“You have been a long time,” she said, “without coming here. Is your profession really so engaging and interesting as to absorb your whole attention? I ask because I always want to be informed, when I am ignorant. Is it really, though?”

I replied that I liked it well enough, but that I certainly could not claim so much for it.

“Oh! I am glad to know that, because I always like to be put right when I am wrong,” said Rosa Dartle. “You mean it is a little dry, perhaps?”

“Well,” I replied; “perhaps it was a little dry.”

“Oh! and that’s a reason why you want relief and change — excitement and all that?” said she. “Ah! very true! But isn’t it a little—Eh?—for him; I don’t mean you?”

A quick glance of her eye towards the spot where Steerforth was walking, with his mother leaning on his arm, showed me whom she meant; but beyond that, I was quite lost. And I looked so, I have no doubt.

“Don’t it—I don’t say that it does, mind I want to know—don’t it rather engross him? Don’t it make him, perhaps, a little more remiss than usual in his visits to his blindly-doting—eh?” With another quick glance at them, and such a glance at me as seemed to look into my innermost thoughts.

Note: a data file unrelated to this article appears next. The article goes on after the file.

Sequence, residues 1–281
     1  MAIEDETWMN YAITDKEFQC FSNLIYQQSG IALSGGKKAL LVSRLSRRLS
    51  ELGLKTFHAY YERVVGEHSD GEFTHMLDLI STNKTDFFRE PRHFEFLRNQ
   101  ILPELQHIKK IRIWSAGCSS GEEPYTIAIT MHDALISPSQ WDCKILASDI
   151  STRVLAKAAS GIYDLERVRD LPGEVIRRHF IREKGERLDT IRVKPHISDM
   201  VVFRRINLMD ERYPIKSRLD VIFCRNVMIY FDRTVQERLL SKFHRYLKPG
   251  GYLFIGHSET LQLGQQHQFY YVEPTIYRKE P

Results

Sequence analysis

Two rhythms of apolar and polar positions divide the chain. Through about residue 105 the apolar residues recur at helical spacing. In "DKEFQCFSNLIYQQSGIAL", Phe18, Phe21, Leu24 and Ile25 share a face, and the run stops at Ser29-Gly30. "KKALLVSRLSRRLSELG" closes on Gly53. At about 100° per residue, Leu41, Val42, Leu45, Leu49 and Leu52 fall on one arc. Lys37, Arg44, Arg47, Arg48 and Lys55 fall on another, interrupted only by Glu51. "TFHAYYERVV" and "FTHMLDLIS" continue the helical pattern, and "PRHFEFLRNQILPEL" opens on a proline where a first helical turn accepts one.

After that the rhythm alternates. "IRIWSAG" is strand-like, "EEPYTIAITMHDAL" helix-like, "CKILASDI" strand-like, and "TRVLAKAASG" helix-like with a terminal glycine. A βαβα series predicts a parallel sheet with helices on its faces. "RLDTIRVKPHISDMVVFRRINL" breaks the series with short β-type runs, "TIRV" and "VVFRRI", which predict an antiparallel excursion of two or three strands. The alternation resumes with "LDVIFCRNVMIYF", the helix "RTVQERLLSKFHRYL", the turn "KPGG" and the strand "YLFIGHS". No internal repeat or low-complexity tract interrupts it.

“Miss Dartle,” I returned, “pray do not think—”

“I don’t!” she said. “Oh dear me, don’t suppose that I think anything! I am not suspicious. I only ask a question. I don’t state any opinion. I want to found an opinion on what you tell me. Then, it’s not so? Well! I am very glad to know it.”

“It certainly is not the fact,” said I, perplexed, “that I am accountable for Steerforth’s having been away from home longer than usual—if he has been: which I really don’t know at this moment, unless I understand it from you. I have not seen him this long while, until last night.”

“No?”

“Indeed, Miss Dartle, no!”

As she looked full at me, I saw her face grow sharper and paler, and the marks of the old wound lengthen out until it cut through the disfigured lip, and deep into the nether lip, and slanted down the face. There was something positively awful to me in this, and in the brightness of her eyes, as she said, looking fixedly at me:

“What is he doing?”

I repeated the words, more to myself than her, being so amazed.

“What is he doing?” she said, with an eagerness that seemed enough to consume her like a fire. “In what is that man assisting him, who never looks at me without an inscrutable falsehood in his eyes? If you are honourable and faithful, I don’t ask you to betray your friend. I ask you only to tell me, is it anger, is it hatred, is it pride, is it restlessness, is it some wild fancy, is it love, what is it, that is leading him?”

Comments

  1. ScottS-M Identicon Icon

    ScottS-M wrote:

    I wonder if we’re supposed to have figured out what Steerforth is up to yet. I haven’t but maybe I wasn’t reading closely enough. I guess it must relate to the “boat” thing.